Political controversy abounds as the African nation remembers the many miners and authorities killed during the 2012 Marikana workers strike.
The deadly clash marked the nation’s bloodiest labor-related violence since the end of the apartheid era in 1994.
Workers at the Lonmin platinum plant began the week-long, unauthorized strike on Aug. 10 to demand a monthly salary of $1,251. The strike culminated in a massacre when police opened fire into the crowd of protesting workers, sparking additional killings of police and security officers over the next three days.
Originally scheduled to attend, President Jacob Zuma and members of the ruling ANC party pulled out last minute, highlighting the political conflicts between the ANC-allied labor union, the National Union of Mineworkers (NUM) and the more dominant union for minors in the area, the Association of Mineworkers and Construction Union (AMCU).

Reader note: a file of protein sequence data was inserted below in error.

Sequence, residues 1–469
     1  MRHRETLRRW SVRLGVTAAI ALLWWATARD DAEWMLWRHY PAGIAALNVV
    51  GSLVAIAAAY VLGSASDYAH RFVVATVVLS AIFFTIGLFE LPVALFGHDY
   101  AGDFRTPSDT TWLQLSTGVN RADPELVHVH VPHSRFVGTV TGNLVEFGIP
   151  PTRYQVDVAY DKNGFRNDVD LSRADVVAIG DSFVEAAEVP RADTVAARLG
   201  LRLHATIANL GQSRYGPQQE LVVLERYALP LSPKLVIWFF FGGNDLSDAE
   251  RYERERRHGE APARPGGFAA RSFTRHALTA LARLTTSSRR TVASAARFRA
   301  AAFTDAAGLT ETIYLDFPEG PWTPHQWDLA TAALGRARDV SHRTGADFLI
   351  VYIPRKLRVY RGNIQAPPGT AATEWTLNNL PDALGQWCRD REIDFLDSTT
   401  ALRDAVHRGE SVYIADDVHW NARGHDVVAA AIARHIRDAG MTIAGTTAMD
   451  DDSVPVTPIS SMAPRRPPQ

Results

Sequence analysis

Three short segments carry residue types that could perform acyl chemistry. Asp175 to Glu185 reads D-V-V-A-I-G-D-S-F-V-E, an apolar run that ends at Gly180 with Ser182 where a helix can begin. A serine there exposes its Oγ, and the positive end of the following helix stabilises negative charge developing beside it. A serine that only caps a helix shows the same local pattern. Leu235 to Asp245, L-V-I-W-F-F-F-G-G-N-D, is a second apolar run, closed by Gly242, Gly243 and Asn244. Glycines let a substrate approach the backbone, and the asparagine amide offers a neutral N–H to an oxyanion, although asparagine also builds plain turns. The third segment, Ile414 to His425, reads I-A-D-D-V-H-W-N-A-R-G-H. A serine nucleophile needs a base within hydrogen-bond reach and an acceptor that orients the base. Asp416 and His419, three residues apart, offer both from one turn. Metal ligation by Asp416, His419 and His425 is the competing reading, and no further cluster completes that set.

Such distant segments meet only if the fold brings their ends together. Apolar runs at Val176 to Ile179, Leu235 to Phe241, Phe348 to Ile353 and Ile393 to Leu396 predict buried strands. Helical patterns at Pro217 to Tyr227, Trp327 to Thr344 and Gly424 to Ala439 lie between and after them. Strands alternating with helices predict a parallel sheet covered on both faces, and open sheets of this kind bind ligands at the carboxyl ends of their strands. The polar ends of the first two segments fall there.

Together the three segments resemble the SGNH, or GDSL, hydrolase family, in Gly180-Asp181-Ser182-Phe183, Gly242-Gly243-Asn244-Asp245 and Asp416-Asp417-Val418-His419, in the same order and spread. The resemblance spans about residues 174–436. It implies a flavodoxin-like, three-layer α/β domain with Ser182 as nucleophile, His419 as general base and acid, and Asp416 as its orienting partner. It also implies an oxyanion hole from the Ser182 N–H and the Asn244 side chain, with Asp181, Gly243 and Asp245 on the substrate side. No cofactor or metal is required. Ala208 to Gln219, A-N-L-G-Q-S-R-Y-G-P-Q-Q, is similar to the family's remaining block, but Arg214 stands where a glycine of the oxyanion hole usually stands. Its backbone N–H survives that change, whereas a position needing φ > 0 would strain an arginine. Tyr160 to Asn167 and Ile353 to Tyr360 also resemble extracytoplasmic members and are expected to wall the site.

As Reuters reports:
The two unions have been involved in a deadly war for members among South Africa's mineworkers, accusing each other of being behind killings of members over the past few months.
At Marikana, thousands of people, many of them wearing green AMCU T-shirts, gathered on and around the rocky outcrop dubbed by media the "Hill of Horror" where the strikers were killed last year, most falling in a hail of police gunfire.
Marikana worker Paulos Mpahlela, 60, expressed anger at the government and ANC's decision to stay away.
"We are hurt, the government should be here. They should have taken the trouble to come and be here because they're the leaders," he said.
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(Photo: STEPHANE DE SAKUTIN/AFP/Getty Images)